“Bastiat believed that all human beings possessed the God-given, natural rights of “individuality, liberty, property.” “This is man,” he wrote. These “three gifts from God precede all human legislation.” But even in his time—writing in the late 1840s—Bastiat was alarmed over how the law had been “perverted” into an instrument of what he called legal plunder. Far from protecting individual rights, the law was increasingly used to deprive one group of citizens of those rights for the benefit of another group, and especially for the benefit of the state itself. He condemned the legal plunder of protectionist tariffs, government subsidies of all kinds, progressive taxation, public schools, government “jobs” programs, minimum wage laws, welfare, usury laws, and more.

Bastiat’s warnings of the dire effects of legal plunder are as relevant today as they were the day he first issued them. The system of legal plunder (which many now celebrate as “democracy”) will erase from everyone’s conscience, he wrote, the distinction between justice and injustice. The plundered classes will eventually figure out how to enter the political game and plunder their fellow man. Legislation will never be guided by any principles of justice, but only by brute political force.

The great French champion of liberty also forecast the corruption of education by the state. Those who held “government-endowed teaching positions,” he wrote, would rarely criticize legal plunder lest their government endowments be ended.

The system of legal plunder would also greatly exaggerate the importance of politics in society. That would be a most unhealthy development as it would encourage even more citizens to seek to improve their own well-being not by producing goods and services for the marketplace but by plundering their fellow citizens through politics.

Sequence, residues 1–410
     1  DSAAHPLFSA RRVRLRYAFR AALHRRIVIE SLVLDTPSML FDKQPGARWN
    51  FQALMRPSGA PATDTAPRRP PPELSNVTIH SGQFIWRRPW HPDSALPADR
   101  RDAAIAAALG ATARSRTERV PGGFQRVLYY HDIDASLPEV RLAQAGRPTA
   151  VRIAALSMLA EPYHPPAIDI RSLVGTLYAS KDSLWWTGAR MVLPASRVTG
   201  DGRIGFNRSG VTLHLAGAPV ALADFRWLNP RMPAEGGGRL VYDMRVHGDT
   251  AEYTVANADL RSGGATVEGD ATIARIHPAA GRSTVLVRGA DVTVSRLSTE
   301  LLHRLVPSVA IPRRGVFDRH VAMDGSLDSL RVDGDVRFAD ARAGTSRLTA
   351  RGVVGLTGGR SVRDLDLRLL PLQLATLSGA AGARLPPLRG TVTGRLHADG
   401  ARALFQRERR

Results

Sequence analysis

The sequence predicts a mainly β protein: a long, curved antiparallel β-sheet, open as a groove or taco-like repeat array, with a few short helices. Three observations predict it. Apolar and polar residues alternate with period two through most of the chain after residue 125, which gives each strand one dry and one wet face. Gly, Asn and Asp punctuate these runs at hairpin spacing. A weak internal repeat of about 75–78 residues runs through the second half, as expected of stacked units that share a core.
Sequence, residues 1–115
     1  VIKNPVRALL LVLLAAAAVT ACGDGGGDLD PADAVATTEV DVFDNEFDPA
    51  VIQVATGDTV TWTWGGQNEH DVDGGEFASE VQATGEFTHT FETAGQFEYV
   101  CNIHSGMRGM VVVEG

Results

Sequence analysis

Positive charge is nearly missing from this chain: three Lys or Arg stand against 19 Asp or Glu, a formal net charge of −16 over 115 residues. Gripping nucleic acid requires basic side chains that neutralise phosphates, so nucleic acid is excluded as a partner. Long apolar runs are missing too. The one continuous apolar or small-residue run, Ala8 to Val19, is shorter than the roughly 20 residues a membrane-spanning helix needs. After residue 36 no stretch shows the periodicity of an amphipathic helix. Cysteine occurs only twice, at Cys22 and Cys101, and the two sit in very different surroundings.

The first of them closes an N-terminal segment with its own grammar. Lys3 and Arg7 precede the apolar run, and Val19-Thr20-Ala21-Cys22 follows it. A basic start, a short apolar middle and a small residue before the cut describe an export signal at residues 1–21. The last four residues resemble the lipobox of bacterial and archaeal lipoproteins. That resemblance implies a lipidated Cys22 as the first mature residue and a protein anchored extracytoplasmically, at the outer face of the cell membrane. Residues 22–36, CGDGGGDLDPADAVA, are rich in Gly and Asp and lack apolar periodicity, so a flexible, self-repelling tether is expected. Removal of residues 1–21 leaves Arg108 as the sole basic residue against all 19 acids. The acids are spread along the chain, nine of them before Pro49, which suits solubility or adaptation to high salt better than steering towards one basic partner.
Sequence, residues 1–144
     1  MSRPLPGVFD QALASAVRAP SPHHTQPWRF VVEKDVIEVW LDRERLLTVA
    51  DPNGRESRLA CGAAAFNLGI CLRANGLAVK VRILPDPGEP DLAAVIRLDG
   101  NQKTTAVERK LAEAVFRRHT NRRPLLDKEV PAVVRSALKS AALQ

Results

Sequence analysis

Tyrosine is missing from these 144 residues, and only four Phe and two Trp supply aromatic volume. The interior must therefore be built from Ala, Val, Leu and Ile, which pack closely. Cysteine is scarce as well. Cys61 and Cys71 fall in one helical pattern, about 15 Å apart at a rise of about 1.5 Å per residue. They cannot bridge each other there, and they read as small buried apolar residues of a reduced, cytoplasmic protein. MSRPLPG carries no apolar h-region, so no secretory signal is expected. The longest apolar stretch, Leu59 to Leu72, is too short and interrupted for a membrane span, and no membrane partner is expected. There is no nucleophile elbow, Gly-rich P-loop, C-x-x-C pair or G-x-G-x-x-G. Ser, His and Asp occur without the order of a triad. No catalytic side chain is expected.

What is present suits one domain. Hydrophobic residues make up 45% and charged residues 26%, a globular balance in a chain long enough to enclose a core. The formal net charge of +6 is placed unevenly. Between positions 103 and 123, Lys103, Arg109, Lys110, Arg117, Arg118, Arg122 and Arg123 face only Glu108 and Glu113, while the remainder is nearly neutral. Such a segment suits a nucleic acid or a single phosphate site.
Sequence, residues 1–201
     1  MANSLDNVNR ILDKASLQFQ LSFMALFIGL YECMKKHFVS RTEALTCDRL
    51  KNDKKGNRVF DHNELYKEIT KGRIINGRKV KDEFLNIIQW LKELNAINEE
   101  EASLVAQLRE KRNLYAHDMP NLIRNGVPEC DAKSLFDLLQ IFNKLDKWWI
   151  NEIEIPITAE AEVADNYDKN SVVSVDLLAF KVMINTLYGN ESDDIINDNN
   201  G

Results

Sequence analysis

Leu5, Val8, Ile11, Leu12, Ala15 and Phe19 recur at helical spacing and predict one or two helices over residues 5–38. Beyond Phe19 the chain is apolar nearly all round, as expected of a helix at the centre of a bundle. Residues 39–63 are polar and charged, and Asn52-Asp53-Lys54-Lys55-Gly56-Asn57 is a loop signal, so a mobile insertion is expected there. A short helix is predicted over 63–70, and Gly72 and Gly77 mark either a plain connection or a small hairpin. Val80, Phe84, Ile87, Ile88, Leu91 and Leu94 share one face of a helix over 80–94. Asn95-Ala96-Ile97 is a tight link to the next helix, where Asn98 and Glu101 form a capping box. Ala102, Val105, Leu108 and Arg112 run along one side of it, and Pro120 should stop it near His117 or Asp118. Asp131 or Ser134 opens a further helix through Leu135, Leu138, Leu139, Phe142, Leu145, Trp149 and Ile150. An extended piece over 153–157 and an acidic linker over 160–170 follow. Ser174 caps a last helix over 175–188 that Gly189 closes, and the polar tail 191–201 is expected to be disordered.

Bastiat was also wise enough to anticipate what modern economists call “rent seeking” and “rent avoidance” behavior. These two clumsy phrases refer, respectively, to the phenomena of lobbying for political favors (legal plunder), and of engaging in political activity directed at protecting oneself from being the victim of plunder seekers. (For example, the steel manufacturing industry lobbies for high tariffs on steel, whereas steel-using industries, like the automobile industry, can be expected to lobby against high tariffs on steel).

The reason why modern economists are concerned about “rent seeking” is the opportunity cost involved: the more time, effort and money that is spent by businesses on conniving to manipulate politics—merely transferring wealth—the less time is spent on producing goods and services, which increases wealth. Thus, legal plunder impoverishes the entire society despite the fact that a small (but politically influential) part of the society benefits from it.

It is remarkable, in reading “The Law,” how perfectly accurate Bastiat was in describing the statists of his day which, it turns out, were not much different from the statists of today or any other day. The French “socialists” of Bastiat’s day espoused doctrines that perverted charity, education, and morals, for one thing. True charity does not begin with the robbery of taxation, he pointed out. Government schooling is inevitably an exercise in statist brainwashing, not genuine education; and it is hardly “moral” for a large gang (government) to (legally) rob one segment of the population, keep most of the loot, and share a little of it with various “needy” individuals.